#CMSC17 – Physical Activity Halts Depression in Young MS Patients, Canadian Study Shows
Young multiple sclerosis (MS) patients who engage in physical activity can relieve symptoms of depression, concludes a Canadian study supported by the National Multiple Sclerosis Society.
Researchers presented their study, “Longitudinal Relationships Between Moderate and Vigorous Physical Activity, Fatigue, and Depression in Pediatric Multiple Sclerosis,” at the 2017 Annual Meeting of the Consortium of Multiple Sclerosis Centers (CMSC), held May 24-27 in New Orleans.
In children with demyelinating disorders, evidence suggests that more physical activity leads to less fatigue and depression. To test this link, researchers performed a longitudinal study to examined the link between moderate/vigorous physical activity (MVPA), fatigue and depression in young patients with MS and monophasic demyelinating conditions (mono-ADS). A longitudinal study is based on repeated observations of the same variables over long periods of time.
Canada has the world’s highest incidence of MS, with a reported 291 cases per 100,000 people, according to the Multiple Sclerosis International Federation, followed by Denmark (227), Sweden (189), Hungary (176), Cyprus (175) and the U.K. (164). Nearly 100,000 of Canada’s 36 million inhabitants have the disease, which is nine times the global average.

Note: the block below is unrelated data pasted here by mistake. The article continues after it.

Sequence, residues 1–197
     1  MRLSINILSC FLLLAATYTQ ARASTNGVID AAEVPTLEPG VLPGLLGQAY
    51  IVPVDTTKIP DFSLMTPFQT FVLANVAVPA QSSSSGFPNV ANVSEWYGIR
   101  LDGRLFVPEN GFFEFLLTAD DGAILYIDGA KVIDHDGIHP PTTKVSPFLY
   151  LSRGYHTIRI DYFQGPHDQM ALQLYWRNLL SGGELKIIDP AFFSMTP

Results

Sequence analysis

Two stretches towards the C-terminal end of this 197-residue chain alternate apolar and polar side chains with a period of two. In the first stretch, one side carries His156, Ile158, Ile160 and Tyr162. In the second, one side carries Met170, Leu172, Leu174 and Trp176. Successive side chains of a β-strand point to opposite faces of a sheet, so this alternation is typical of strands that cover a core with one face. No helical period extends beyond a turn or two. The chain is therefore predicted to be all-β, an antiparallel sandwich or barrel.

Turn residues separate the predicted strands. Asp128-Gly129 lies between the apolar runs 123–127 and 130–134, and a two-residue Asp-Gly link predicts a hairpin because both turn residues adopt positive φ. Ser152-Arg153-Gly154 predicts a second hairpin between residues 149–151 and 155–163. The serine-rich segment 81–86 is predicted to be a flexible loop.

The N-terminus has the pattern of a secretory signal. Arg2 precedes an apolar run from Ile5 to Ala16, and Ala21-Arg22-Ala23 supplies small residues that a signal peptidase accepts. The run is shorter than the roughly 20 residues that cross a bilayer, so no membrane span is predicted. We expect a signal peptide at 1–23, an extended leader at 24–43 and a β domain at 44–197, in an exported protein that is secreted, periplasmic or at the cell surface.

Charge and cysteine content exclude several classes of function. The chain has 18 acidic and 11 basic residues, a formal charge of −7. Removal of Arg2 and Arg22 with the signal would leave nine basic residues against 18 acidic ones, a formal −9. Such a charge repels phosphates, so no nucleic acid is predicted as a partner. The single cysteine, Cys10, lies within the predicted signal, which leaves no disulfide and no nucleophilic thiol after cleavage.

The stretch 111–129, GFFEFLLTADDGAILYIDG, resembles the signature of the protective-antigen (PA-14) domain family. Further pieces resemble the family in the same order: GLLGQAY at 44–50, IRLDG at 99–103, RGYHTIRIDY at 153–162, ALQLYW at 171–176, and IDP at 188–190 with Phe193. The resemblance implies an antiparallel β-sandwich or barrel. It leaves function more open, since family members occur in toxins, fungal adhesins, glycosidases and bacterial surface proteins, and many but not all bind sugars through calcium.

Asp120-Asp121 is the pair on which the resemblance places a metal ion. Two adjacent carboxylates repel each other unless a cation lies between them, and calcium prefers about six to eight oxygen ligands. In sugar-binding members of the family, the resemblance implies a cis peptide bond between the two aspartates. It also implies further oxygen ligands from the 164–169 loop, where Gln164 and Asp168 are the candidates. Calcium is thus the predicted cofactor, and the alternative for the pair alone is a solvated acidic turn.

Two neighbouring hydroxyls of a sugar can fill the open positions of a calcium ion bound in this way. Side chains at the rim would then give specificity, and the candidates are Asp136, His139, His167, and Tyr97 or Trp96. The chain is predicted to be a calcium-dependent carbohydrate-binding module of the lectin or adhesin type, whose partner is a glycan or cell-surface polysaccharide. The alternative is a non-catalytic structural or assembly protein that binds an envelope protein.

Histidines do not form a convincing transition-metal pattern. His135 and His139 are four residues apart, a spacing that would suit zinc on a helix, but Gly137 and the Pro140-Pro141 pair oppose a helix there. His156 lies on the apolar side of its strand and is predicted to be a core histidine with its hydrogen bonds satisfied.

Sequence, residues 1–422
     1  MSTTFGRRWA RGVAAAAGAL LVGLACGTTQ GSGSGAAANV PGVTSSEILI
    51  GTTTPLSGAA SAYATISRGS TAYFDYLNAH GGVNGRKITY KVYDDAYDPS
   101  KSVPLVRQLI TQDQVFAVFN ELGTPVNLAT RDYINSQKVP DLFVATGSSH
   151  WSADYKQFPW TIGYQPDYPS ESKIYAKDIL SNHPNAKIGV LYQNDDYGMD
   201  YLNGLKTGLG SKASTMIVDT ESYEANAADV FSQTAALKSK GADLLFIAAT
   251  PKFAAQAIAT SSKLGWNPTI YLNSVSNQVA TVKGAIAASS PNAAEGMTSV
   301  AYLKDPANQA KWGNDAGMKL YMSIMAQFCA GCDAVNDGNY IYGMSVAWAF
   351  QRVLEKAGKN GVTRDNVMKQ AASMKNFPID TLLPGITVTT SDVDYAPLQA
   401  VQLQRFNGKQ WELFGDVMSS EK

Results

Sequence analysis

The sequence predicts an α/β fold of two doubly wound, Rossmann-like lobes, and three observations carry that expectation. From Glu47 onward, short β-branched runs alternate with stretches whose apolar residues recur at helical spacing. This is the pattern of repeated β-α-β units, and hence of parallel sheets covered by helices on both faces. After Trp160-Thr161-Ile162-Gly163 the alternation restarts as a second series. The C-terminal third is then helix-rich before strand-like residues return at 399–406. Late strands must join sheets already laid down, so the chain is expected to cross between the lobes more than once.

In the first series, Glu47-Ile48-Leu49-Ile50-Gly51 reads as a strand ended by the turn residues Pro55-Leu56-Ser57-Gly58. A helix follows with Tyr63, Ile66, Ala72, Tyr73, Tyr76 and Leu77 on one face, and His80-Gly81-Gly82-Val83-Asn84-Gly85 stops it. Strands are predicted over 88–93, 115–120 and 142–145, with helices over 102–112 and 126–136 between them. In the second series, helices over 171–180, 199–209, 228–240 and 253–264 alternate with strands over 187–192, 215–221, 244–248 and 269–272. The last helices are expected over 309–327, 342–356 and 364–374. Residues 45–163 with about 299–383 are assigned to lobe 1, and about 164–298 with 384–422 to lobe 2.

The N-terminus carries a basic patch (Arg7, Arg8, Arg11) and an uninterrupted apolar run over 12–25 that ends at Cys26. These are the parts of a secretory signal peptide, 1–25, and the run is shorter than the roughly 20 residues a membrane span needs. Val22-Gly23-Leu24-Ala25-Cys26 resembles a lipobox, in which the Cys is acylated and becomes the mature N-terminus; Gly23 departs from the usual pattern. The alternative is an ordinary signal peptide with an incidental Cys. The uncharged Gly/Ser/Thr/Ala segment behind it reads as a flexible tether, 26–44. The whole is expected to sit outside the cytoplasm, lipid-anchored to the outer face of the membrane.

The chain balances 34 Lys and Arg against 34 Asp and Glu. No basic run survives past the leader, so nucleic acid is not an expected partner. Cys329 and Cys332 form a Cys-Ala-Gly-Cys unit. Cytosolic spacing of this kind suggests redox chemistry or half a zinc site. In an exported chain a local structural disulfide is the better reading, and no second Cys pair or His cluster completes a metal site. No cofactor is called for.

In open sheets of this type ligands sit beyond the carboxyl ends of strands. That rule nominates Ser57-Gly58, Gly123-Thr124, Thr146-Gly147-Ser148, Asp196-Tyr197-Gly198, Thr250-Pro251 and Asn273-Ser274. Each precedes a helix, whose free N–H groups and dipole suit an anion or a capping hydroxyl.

Researchers collected data from questionnaires on fatigue, depression and physical activity from 180 patients treated at the Pediatric MS and Neuroinflammatory Disorders Clinic at Toronto’s Hospital for Sick Children. Of the total, 49 had MS and 131 had mono-ADS. Using patients’ answers, researchers calculated their self-reported levels of physical activity. The team also investigated depression levels in order to test the effect of clinically significant depression on fatigue.
Researchers observed a correlation between increased fatigue and age at onset in both mono-ADS and MS. Also, fatigue increased with disease duration in both groups of patients analyzed.
“Over time, youth who reported clinically significant depression at any time point had increased fatigue, in comparison to non-depressed youth,” researchers wrote, adding that young MS patients showed higher depression scores than those with mono-ADS.
“In youth with MS, the effect of MVPA on fatigue appeared to be mediated by depression,” the team concluded. “Small increases in MVPA…were associated with improvements in depression in youth with MS through time, which may, in turn, contribute to reduced fatigue. Our results may serve as the backdrop for planning future interventions to improve outcomes in youth with MS.”